Electrostatic actuation can be seen as a very useful instability. When the voltage applied to the actuation electrode gradually increases, the suspended beam bends progressively down, up to the point when the equilibrium between elastic and electrostatic forces cannot be maintained and the beam collapses on the electrode underneath, that is, it actuates [12]. In the case of a double-clamped beam, the actuation voltage of a rectangular beam is given by
V a c t = 8 k d 3 27 ε 0 A
where k is the spring constant of the beam, d is the distance between the suspended beam and the electrode, A is the electrode area, and ε0 is the vacuum permittivity.
When the voltage decreases after actuation has been reached, the beam bends up again, detaching from the electrode at a different potential, the release voltage, which is given by
V r e l = 2 k d · d 0 2 ε r ε 0 A
and is always lower than the actuation voltage. In this case, d0 is the thickness of the dielectric layer above the electrodes and εr is its relative permittivity. More complex formulas can be derived for rectangular cantilever beams [13,14]. Complex beam geometries require simulation work in order to determine their actuation and release voltages, but in some special cases, useful approximate analytical formulas can be derived [2,15].
In an ideal device with a perfect dielectric, Vact and Vrel remain stable for an infinite time and after an infinite number of switching cycles. In the real world, instabilities and drift in both actuation and release voltages are fairly common and have different origins. The most frequent sources are charging of the dielectric, temperature variations, fabrication uncertainties, and material wear.

3. Instabilities Due to Dielectric Charging

Dielectric charging has been widely studied in microswitching devices [16,17]. It is especially important in long-term actuation applications [18], but also plays a relevant role in many cycling experiments [19] because the effects of charging increase with time. The main effect of charging is a progressive drift of the release and actuation voltages, that can be either positive or negative and increases with bias time. The ultimate source of this problem is the presence of a dielectric between the bridge and the actuation electrodes, and it is therefore very important for capacitive switches [20]. Since a perfect dielectric does not exist, the real material becomes positively or negatively charged because of small defects in its structure, and this effect increases with actuation time. The effects of charging can generate several unwanted phenomena. The most important of these instabilities is caused by a progressive drift of the actuation and release voltages. Depending on the polarity applied and the nature of the charge traps, two different effects can be measured. In the first case, the release voltage drifts toward smaller values until it is so close to zero that the switch does not de-actuate anymore and remains stuck. In the second case, the actuation voltage can progressively increase to very high values until it is higher than the applied bias and the switch does not actuate. This behavior is schematically depicted in Figure 2. In real operation, stiction or actuation failure does not happen abruptly and without warning signs. In the first case, when the release voltage approaches zero, the adhesion forces between the surfaces can randomly prevent the release before the critical point, with a behavior that is largely unpredictable. In the other case, since charging phenomena are increased when the switch is actuated, and may slowly be reduced when the switch is de-actuated, an actuation voltage too close to the bias voltage can produce a continuous actuation-release mechanism not controlled by the external bias, which leads to a totally unstable switch.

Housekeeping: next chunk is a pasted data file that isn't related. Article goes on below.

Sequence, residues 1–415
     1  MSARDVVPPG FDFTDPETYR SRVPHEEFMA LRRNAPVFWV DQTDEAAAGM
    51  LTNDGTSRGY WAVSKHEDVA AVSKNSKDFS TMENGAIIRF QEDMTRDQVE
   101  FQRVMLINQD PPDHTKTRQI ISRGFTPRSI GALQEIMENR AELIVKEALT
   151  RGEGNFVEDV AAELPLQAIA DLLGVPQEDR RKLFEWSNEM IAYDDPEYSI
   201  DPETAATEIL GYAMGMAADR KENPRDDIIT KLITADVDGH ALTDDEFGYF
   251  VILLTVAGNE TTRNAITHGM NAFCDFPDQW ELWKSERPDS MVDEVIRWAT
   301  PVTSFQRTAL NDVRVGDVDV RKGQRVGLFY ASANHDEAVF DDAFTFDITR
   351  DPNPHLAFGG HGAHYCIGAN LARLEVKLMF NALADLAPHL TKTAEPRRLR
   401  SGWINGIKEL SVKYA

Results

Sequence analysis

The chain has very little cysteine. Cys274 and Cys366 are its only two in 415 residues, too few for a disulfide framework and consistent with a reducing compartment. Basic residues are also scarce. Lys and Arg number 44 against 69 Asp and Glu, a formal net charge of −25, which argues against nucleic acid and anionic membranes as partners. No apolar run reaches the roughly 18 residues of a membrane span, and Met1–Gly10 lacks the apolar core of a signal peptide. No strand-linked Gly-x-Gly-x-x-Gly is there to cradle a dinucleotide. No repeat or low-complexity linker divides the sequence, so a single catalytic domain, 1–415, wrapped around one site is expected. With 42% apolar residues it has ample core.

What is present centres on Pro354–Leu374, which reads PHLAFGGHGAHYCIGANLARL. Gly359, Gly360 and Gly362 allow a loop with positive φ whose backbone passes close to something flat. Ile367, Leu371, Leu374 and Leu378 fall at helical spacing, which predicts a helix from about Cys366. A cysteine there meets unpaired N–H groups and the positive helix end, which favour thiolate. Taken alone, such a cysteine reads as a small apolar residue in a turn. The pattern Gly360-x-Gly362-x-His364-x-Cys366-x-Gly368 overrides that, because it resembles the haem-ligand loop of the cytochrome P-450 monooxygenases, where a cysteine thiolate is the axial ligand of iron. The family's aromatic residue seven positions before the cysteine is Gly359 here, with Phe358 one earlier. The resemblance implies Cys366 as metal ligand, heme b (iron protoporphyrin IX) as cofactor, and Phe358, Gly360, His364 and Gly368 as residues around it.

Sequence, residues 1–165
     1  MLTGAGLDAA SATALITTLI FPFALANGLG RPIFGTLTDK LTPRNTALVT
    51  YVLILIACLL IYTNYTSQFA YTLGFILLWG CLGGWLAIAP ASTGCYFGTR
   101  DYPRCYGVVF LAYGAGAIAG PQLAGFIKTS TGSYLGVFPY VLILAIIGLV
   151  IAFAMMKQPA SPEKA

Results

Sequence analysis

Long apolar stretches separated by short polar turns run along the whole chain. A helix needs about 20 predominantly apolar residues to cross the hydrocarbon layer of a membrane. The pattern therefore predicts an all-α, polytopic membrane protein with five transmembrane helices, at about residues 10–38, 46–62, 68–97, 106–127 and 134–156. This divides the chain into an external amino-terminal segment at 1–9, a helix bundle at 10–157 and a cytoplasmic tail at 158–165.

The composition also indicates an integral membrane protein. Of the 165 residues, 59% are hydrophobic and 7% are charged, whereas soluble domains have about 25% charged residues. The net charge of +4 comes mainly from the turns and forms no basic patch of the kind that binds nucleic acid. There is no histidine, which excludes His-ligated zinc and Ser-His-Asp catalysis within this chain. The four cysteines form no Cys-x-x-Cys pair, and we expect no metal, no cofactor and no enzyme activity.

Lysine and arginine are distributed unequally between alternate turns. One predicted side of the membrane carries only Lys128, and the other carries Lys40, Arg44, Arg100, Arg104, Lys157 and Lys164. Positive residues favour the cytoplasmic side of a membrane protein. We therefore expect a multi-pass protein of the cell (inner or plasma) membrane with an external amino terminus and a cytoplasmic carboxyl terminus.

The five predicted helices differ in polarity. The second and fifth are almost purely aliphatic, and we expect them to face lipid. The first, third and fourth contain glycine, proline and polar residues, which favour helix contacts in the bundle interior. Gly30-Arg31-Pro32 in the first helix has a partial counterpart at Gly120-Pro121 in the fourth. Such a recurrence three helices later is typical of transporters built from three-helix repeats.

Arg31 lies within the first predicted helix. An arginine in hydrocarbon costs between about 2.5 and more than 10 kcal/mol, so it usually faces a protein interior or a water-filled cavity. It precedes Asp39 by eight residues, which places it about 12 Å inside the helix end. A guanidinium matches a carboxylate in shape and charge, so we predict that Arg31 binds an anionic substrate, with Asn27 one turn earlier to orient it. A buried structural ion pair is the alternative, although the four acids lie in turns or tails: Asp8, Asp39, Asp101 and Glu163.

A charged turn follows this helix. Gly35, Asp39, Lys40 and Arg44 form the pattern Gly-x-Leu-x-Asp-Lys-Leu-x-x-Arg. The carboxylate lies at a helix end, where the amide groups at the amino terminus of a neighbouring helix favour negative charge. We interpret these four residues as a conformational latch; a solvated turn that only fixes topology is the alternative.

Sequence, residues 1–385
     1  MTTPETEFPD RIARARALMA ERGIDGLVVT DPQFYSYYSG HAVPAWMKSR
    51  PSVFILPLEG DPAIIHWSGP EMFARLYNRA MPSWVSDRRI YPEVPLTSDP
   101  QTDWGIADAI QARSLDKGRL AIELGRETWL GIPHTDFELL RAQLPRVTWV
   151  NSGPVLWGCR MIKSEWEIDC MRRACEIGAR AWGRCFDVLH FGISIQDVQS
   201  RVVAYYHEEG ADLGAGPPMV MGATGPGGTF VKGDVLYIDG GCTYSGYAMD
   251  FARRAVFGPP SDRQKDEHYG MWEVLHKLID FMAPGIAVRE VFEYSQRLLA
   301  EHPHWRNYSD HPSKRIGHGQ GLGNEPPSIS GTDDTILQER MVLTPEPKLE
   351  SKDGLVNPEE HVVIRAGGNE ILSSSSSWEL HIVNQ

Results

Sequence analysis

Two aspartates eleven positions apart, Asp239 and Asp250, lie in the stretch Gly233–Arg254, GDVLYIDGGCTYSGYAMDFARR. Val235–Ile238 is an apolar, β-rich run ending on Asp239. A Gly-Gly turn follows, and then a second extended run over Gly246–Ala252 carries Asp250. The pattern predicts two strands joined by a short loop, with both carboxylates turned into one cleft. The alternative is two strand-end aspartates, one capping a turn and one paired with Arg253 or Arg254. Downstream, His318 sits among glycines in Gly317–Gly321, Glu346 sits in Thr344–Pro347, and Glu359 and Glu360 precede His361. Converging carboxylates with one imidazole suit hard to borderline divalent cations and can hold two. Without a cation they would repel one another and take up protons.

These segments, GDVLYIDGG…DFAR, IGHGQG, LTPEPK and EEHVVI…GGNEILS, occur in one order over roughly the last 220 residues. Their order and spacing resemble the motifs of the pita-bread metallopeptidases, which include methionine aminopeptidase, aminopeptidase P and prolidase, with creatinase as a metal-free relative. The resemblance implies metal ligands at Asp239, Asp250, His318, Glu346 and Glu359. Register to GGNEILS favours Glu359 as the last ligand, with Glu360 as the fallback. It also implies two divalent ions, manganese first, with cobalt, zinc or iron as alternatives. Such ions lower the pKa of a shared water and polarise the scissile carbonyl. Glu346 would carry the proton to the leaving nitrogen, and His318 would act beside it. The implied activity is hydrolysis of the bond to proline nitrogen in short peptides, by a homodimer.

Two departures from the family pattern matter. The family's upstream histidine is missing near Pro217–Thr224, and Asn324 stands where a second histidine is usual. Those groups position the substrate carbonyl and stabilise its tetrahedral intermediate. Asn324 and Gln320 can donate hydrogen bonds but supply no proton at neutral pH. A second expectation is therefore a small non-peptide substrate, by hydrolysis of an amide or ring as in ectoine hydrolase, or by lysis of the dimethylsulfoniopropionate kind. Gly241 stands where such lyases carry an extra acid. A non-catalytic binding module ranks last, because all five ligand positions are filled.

Different strategies have been developed to minimize charging phenomena either at material and design level or by applying specific voltage pulses [21]. The most promising ones work on the removal of the dielectric layer with the introduction of stopping pillars in order to avoid direct contact with the charged electrode [22]. These methods are quite effective and in fact, when most of the charge has been removed, other effects appear in the capacitance–voltage curve [23] evidencing complex charging effects either due to the inhomogeneous distribution of charge [24] or due to mechanical relaxation or creep [25,26]. In this case, a more complex model including both shifting and narrowing of the actuation/release curves must be applied to the experimental data in order to characterize the switch behavior, and the voltage scan must be bipolar in order to take into account the drift of both positive and negative values.